Authorship Attribution of Source Code
Reviewed by Greg Wilson / 2021-10-15
Keywords: Authorship, Machine Learning
The question, "Who actually wrote this code?" comes up in many contexts, from plagiarism detection in schoolwork to design recovery in legacy systems. Bogomolov2021 presents two machine learning approaches to the problem using neural networks and random forests. Unlike most earlier work, these models operate on paths through the source code's abstract syntax tree (AST). The authors find that:
- their random forest approach outperforms the previous best result on C++,
- it matches the best performance of previous systems on Python, and
- both of their approaches outperform previous results on Java.
I have reservations about how eagerly and uncritically some researchers are applying machine learning to software engineering problems, but this study seems to have been well designed and well controlled, and their use of ASTs to make their tools language-agnostic is really interesting. I look forward to hearing more from this team.
Bogomolov2021 Egor Bogomolov, Vladimir Kovalenko, Yurii Rebryk, Alberto Bacchelli, and Timofey Bryksin: "Authorship attribution of source code: a language-agnostic approach and applicability in software engineering". Proc. European Software Engineering Conference/International Symposium on the Foundations of Software Engineering (ESEC/FSE), 2021, 10.1145/3468264.3468606.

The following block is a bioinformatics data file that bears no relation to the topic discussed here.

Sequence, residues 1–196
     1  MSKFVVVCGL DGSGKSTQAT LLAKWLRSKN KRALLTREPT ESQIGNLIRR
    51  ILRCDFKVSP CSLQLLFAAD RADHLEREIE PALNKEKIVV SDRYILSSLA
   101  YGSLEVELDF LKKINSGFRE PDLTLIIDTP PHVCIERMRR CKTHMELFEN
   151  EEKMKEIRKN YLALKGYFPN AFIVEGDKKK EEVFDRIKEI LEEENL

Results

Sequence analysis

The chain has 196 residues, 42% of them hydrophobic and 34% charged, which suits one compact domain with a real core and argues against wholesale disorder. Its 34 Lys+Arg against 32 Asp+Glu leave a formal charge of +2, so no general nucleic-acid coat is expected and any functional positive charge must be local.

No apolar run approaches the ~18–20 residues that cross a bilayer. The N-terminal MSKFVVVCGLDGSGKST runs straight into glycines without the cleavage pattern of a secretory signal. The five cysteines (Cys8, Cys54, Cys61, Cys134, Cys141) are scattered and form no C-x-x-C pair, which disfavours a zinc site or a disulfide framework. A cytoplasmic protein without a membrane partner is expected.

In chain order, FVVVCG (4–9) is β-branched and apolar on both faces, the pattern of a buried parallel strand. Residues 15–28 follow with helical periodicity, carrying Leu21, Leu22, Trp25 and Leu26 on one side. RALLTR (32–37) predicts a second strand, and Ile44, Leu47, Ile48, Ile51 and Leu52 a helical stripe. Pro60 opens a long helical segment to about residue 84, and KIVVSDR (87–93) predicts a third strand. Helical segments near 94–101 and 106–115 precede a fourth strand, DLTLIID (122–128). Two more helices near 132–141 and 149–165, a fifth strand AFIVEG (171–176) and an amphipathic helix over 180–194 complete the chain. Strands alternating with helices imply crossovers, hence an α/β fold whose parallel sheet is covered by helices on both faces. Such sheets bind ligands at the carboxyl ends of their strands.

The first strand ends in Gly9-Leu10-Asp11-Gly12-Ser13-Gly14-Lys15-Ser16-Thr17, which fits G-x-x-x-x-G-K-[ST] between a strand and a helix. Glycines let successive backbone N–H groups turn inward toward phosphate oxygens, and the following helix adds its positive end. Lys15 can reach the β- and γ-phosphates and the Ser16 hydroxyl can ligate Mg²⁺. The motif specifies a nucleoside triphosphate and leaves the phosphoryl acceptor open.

Authorship attribution (i.e., determining who is the author of a piece of source code) is an established research topic. State-of-the-art results for the authorship attribution problem look promising for the software engineering field, where they could be applied to detect plagiarized code and prevent legal issues. With this article, we first introduce a new language-agnostic approach to authorship attribution of source code. Then, we discuss limitations of existing synthetic datasets for authorship attribution, and propose a data collection approach that delivers datasets that better reflect aspects important for potential practical use in software engineering. Finally, we demonstrate that high accuracy of authorship attribution models on existing datasets drastically drops when they are evaluated on more realistic data. We outline next steps for the design and evaluation of authorship attribution models that could bring the research efforts closer to practical use for software engineering.